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Lost in Translation

Reviewed By Chris Parry
Posted 03/04/04 12:58:18

"A benchmark of modern cinema and the dawn of the next Coppola genius."
5 stars (Awesome)

It's probably predictable that some people would watch Lost in Translation and say that the emperor is wearing no clothes. Films like this, which bring wild applause, media hype and an original means of delivering the message are often ridiculed by those that don't get the point as being all fluff and wankery. Lost in Translation was never made to please the masses. It doesn't involve one car chase, puts emotion over lust, and forces you to think for yourself as to what is going on in the characters' minds. Deal with it.

Bill Murray is Bob Harris, an aging US movie star traveling to Japan to endorse Suntory Whisky. Clearly his life has seen more interesting phases, and he's only here for the quick and easy cash payoff, but Bob doesn't really need the money, and he sure as heck doesn't need to be sitting around, alone, in a Tokyo hotel while his wife faxes designs for his new office furniture for his approval.

Up a few floors, a different story is playing out. Scarlett Johansson is Charlotte, a bored young wife of a boring young rock photographer (Giovanni Rbisi). At some point she obviously thought this artiste she's married to was a creative genius, but as his career takes off and his attentions wander to movie star Kelly (Anna Faris), Charlotte begins to lose it altogether. Alone in her hotel room, listening to self-help tapes for some kind of inspiration, she and Bob meet and something begins to brew.

At this point, your typical Hollywood writer/director begins the passionate lust, the secret meetings, tongues in ears and boobs in cameras. But Sofia Coppola has shown, not least of all with her first big directing outing, The Virgin Suicides, that she's not a cookie-cutter director. Lost in Translation is full of dialogue that you don't hear, voices that say nothing, and emotion that is kept inside. And that's what makes it great.

Look, reality is far different from a Ridley Scott movie. While most films are made with a rule in place that if it isn't said, it doesn't exist, audiences aren't always requiring such things out of their stories. I don't need Bill Murray to say "I'm sad and lonely and, though I can't have you, I really enjoy pretending that maybe I can," out loud, I can see it in his darn face when he looks at Scarlett Johansson across a karaoke box. And that is something I respect, because it respects ME enough to catch it, without shoving it down my throat.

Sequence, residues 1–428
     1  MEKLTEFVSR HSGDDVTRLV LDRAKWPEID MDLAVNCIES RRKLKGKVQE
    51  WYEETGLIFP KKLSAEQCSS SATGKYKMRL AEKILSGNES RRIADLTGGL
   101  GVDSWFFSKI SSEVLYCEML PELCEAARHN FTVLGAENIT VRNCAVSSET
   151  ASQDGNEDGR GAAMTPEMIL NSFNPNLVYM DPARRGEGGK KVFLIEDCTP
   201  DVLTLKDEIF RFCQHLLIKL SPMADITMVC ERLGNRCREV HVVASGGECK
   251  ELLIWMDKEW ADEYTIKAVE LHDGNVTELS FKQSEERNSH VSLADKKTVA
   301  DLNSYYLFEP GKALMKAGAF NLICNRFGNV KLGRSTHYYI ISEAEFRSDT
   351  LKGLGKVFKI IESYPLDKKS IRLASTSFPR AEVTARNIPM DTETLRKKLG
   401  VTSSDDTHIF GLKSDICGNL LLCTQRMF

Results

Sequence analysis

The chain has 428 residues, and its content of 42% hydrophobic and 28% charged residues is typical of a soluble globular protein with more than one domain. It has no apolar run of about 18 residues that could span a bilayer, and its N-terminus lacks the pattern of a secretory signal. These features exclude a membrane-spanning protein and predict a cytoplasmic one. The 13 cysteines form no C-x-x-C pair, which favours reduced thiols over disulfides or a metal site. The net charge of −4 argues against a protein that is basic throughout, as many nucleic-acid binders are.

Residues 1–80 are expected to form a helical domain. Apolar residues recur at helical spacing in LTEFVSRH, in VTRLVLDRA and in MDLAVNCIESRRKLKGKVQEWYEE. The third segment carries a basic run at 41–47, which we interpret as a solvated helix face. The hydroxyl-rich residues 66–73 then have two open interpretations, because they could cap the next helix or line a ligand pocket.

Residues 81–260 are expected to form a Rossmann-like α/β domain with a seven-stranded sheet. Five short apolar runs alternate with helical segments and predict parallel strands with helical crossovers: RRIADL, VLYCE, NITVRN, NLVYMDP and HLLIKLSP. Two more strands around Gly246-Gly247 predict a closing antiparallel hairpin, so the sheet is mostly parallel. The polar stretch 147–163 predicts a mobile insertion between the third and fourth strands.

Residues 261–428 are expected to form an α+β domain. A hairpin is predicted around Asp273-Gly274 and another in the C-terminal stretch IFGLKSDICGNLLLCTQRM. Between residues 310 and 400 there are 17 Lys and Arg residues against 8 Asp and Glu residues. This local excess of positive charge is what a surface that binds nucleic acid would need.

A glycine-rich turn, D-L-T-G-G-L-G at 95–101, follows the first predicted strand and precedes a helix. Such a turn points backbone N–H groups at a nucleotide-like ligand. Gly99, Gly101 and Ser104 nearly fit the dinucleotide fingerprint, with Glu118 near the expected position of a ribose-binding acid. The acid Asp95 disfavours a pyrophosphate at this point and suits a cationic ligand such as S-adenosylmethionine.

Lost in Translation is consistently funny, consistently sad, consistently impressive and spooky. The music is a film in itself; I can say this, because I've listened to it on repeat fort almost a week and I'm not sick of it yet. But it's the quiet moments, when nothing at all is spoken, that appeal to me the most. Watching Murray and Johansson engage in an across-the-bar conversation without moving their lips is the stuff that only a daring filmmaker would write, and only a nutbar would put to film. Thankfully, a daring nutbar filmmaker is simply a long way of saying 'a genius' and, in my opinion, that's Sofia Coppola down to a T.

Shot on location for less than $4m, this is the kind of filmmaking that inspires generations of up and coming filmmakers to copy. Like Linklater did with Slacker and Smith did with Clerks, Lost in Translation will bring in the new wave of young filmmakers who realise the power of emotion and introspection and the audience thinking for themselves. And I, for one, can't wait.

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